4 years ago

Evolution of silent myocardial ischaemia prevalence and cardiovascular disease risk factor management in Type 2 diabetes over a 10-year period: an observational study

F. Perriard, V. Macioce, A. Avignon, J.-P. Daures, A. Sultan, D. Mariano-Goulart, C. Boegner
Aims To assess the evolution of silent myocardial ischaemia prevalence and of cardiovascular disease risk factor management over 10 years in people with Type 2 diabetes. Methods This repeated cross-sectional study prospectively included 770 people with Type 2 diabetes who presented at our centre in the period 1999–2009. All had at least one additional cardiovascular disease risk factor, no history of coronary disease and were screened for silent myocardial ischaemia using myocardial perfusion imaging. The prevalence of silent myocardial ischaemia, clinical and biological variables and treatments were collected and compared among participants screened in three periods: 1999 to 2002; 2003 to 2005; and 2006 to 2009. We also identified predictive factors for silent myocardial ischaemia. Results Participants had a mean ± sd age of 62.3 ± 9.3 years, 57.4% were men and the mean time from diagnosis of diabetes was 13.4 ± 9.3 years. Overall, silent myocardial ischaemia screening was positive in 13.9% of participants. This prevalence decreased sharply over the 10-year study period (22.6% in 1999–2002, 13.7% in 2003–2005 and 5.9% in 2006–2009; P<0.0001). In parallel, diastolic and systolic blood pressure, HbA1c and LDL cholesterol significantly decreased and glitazone and statin use increased (all P<0.001). Male gender, peripheral artery disease, diastolic blood pressure >80 mmHg and LDL cholesterol >2.6 mmol/l were independently associated with silent myocardial ischaemia. Further adjustment showed the screening period had a significant effect, which erased the effects of diastolic blood pressure and LDL cholesterol. Conclusions The prevalence of silent myocardial ischaemia decreased sharply over time, and control of the main cardiovascular disease risk factors improved. Although the causality link cannot be established, the present study supports current recommendations advocating glycaemic control and intensive management of cardiovascular factors instead of systematic screening.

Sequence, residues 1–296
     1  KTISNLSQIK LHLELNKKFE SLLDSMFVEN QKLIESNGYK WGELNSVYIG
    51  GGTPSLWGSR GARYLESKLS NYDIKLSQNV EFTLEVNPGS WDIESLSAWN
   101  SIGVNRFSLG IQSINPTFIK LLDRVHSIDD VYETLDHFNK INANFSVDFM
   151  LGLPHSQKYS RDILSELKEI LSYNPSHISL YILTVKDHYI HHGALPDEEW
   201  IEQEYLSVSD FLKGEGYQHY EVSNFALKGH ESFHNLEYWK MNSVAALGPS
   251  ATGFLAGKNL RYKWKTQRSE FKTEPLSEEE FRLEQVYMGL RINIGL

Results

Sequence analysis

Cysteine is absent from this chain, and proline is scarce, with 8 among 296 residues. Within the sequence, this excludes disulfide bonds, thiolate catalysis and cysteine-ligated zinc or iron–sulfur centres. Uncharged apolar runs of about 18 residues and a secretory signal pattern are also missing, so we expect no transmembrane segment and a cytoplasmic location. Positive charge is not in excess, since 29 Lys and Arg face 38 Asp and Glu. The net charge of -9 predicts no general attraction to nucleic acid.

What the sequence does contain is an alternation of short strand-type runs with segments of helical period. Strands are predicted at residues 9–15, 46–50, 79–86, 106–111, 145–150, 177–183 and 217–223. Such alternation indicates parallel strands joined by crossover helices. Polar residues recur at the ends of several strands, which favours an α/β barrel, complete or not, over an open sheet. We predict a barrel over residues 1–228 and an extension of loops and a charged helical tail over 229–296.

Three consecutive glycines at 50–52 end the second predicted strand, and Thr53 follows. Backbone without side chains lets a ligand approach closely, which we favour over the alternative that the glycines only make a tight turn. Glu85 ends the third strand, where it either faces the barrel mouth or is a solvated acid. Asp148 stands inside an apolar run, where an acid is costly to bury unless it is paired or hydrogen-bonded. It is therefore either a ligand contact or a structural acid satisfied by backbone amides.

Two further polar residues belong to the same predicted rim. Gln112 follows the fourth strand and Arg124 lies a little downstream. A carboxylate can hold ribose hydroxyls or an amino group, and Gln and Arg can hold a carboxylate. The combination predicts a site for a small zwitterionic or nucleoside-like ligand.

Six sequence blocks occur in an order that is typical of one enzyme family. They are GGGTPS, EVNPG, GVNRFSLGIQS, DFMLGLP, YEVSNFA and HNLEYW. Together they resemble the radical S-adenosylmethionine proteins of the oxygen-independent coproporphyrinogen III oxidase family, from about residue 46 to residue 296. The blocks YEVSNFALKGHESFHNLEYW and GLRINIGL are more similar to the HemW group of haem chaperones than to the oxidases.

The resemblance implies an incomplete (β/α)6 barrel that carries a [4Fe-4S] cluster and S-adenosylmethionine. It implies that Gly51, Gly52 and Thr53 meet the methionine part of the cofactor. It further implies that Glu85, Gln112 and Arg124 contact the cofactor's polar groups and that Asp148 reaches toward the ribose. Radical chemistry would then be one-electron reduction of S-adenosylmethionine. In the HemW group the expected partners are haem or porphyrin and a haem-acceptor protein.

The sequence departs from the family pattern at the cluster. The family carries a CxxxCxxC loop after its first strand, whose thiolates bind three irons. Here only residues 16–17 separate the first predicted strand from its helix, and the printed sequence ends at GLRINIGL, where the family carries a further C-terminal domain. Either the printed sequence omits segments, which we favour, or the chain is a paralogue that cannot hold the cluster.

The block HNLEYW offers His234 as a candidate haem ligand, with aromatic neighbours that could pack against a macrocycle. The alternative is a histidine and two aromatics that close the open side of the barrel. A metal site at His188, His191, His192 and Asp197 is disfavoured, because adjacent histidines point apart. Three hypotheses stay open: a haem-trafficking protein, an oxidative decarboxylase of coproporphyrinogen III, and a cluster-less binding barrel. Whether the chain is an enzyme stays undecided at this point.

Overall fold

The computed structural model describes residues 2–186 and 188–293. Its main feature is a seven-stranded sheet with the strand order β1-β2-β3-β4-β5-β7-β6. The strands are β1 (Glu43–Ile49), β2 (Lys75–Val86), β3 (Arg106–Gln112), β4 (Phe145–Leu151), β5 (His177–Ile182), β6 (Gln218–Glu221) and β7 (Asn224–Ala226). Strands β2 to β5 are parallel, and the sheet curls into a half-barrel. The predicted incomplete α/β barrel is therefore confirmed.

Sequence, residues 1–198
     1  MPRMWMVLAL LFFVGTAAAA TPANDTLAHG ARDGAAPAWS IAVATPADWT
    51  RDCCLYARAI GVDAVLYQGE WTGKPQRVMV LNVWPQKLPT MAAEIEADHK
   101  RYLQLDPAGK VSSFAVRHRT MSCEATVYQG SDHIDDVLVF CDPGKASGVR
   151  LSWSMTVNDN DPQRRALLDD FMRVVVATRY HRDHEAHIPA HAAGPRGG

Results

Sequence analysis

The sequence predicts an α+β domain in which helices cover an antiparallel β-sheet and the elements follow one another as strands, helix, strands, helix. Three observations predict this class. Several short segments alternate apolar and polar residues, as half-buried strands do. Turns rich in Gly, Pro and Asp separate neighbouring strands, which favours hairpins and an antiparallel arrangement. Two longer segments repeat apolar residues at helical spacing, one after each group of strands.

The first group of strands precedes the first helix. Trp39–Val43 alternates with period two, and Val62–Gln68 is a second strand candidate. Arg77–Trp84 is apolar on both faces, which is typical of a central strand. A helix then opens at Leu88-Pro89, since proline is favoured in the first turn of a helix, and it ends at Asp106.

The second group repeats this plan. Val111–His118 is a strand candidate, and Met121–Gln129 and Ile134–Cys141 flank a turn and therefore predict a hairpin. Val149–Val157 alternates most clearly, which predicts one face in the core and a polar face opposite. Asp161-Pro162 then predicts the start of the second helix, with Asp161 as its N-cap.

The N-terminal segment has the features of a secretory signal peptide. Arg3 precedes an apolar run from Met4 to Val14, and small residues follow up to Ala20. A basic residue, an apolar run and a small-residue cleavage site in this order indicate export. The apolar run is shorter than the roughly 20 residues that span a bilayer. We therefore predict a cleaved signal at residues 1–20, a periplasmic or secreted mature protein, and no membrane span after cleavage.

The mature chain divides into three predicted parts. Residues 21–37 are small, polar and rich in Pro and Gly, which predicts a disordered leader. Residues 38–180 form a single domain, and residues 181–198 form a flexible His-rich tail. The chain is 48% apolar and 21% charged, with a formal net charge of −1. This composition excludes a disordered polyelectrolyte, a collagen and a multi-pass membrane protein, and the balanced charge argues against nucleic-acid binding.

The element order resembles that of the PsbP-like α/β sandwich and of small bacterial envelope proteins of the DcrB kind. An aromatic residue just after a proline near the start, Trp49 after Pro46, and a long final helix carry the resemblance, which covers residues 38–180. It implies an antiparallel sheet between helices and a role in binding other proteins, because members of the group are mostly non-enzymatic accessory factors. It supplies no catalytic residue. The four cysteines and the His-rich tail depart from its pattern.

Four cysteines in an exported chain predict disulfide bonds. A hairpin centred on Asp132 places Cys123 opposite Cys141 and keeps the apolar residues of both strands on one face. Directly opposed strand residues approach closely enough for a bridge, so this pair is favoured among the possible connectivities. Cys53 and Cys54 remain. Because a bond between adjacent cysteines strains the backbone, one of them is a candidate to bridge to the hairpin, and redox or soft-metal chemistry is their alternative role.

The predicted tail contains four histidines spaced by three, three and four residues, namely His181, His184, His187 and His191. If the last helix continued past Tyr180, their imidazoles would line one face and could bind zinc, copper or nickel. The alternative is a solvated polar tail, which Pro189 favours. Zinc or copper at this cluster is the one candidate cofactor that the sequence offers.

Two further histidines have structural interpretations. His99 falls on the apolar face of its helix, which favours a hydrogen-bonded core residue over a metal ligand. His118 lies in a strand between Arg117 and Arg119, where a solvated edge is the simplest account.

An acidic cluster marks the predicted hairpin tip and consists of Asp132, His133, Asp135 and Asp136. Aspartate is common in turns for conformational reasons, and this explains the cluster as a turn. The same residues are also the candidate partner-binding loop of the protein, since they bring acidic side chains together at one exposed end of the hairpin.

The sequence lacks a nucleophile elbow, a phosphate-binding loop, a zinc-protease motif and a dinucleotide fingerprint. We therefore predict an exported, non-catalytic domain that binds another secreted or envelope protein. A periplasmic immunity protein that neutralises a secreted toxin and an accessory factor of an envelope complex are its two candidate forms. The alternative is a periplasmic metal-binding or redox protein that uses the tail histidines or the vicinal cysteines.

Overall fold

Publisher URL: http://onlinelibrary.wiley.com/resolve/doi

DOI: 10.1111/dme.13364

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